I’m trying to find out the differences between the Scotty Moore model and the ’52 model. The first is a limited edition, signed by Scotty Moore, and with a different bridge. Is that the sum of the differences, or is there a lot more to justify the price difference?

Also, would playing pedal-steel like bends result in intonation problems? I’m thinking of bends where two or more strings are played, and where bending one or more strings can cause the others to change pitch. I’ve had that on a Strat where bending a string can cause the tail-piece to lift if the tension is too low. I’m not sure how robust the two different ES-295 bridges are – do they float?

I suppose if looking for this style of guitar for country and rockabilly I’d have to consider a Gretsch as well. Are some Grestch models similar to the ES-295, or are they completely different in tone? I did try out some original Gretsch guitars a few years ago, but can’t remember much about them other than they were a bit quirky.
 

Joe L

Silver Supporting Member
Messages
1,386
I picked up a mint 1998 Epi ES 295 about 6 years ago on Ebay. Per the Manager in Sam Ash, he identified desThis one being made in Japan. I upgraded the tuners and installed a roller bridge and a bone nut. What a great player .... Feels and sounds great. I have no complaints with the stock Epi P -90s. The prie of the guitar and upgrades add up to about $800.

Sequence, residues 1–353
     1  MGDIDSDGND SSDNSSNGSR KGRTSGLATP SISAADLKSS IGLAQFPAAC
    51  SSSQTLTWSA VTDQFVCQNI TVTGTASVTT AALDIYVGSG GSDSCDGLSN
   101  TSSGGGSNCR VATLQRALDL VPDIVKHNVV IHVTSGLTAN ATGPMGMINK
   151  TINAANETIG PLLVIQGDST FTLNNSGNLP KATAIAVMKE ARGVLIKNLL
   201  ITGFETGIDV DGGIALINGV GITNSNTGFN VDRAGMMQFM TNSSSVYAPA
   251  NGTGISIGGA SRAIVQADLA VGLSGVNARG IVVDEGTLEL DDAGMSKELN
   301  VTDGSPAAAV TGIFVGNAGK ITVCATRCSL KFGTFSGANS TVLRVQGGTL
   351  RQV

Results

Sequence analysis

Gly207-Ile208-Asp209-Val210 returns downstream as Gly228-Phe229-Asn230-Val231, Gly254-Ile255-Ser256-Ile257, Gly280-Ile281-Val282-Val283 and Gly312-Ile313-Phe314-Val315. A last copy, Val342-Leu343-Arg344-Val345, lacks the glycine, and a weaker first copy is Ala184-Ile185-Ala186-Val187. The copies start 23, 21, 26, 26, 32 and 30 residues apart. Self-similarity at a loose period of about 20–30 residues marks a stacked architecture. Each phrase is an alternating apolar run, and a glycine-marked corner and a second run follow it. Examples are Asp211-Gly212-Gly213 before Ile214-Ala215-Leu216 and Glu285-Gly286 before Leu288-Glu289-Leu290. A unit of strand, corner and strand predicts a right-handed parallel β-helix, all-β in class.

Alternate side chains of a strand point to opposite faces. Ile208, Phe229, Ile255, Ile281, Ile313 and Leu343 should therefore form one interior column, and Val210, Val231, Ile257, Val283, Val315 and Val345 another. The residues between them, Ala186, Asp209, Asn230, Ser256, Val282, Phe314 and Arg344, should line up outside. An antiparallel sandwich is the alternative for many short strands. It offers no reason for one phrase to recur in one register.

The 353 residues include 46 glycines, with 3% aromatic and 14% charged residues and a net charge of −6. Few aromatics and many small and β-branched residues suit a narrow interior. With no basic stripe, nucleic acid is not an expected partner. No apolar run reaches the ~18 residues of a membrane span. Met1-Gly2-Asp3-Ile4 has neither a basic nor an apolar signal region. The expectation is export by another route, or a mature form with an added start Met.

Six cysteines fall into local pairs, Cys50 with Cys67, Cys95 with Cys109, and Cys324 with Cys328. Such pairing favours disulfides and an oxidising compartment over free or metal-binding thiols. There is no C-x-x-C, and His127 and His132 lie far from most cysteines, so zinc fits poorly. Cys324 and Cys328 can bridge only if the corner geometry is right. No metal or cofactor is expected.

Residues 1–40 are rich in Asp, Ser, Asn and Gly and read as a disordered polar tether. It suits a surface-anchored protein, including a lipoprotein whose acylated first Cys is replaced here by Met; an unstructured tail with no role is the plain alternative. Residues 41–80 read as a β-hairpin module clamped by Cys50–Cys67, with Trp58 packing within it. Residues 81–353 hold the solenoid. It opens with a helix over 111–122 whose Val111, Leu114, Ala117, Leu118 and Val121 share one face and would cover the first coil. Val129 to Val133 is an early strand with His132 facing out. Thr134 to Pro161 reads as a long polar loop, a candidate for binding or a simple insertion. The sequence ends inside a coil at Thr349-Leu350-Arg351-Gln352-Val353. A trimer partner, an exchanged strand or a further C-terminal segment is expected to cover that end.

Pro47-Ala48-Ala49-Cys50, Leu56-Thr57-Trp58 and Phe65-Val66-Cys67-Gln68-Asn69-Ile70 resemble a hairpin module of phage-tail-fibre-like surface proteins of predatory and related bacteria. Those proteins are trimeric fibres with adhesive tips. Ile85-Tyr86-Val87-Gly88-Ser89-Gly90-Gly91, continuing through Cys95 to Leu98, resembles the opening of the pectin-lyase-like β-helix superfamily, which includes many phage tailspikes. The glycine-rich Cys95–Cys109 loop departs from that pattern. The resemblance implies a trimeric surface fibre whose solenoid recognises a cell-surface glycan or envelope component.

deejayen

Member
Messages
769
I remember the Epi ES-295 getting good reviews at the time - it's pity they don't still make them (as far as I know...) I've never seen a second hand one either.
 
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5,399
In the 1950s when Scotty Moore acquired his ES-295 I reckon some of them other Memphis guitar pickers probably said to Scotty, "Looks like you got one of them there fancy Gibsons".
 

rastus

Member
Messages
1,531
I just sold a 54 295 that was a house guitar at Ardent studios in Memphis for decades. It was used a bunch on Big Star albums. A client of mine has one that was used for many years by Rockabilly great Sonny Burgess. I have played and examined S otty's original it is quite clean and well preserved. I find the early 295's are the ones I like best. For what Gibson charges for these new repro guitars ( which are very nice,btw) I am pretty sure you could find an original 50s one, probably for about the same money. Surprisingly, I have seen many of these in the UK, as many great purist rockabilly cats are from there.
 

deejayen

Member
Messages
769
Thanks, Rastus. I was wondering what an original would cost. I had a quick search for one online, but I don't really know where to start looking.

Anyway, as some others suggested, I really need to get my hands on one to see if I like them.
 

karma1

Member
Messages
1,121
I don't know how they compare to the Gibson version, but my Epiphone ES-295 is pretty sweet. This is from 1996, I believe, and was told that this was the first year of this reissue run and was made in Japan just before Epi moved production to Korea. I was also told that these had actual Gibson P90's and Bigsby tremelos rather than Epi parts on the later models. The previous owner added a roller bridge and did extensive fretwork on it, and it is a great-playing guitar. I bought it used about 5 years ago for $600 including hard shell case.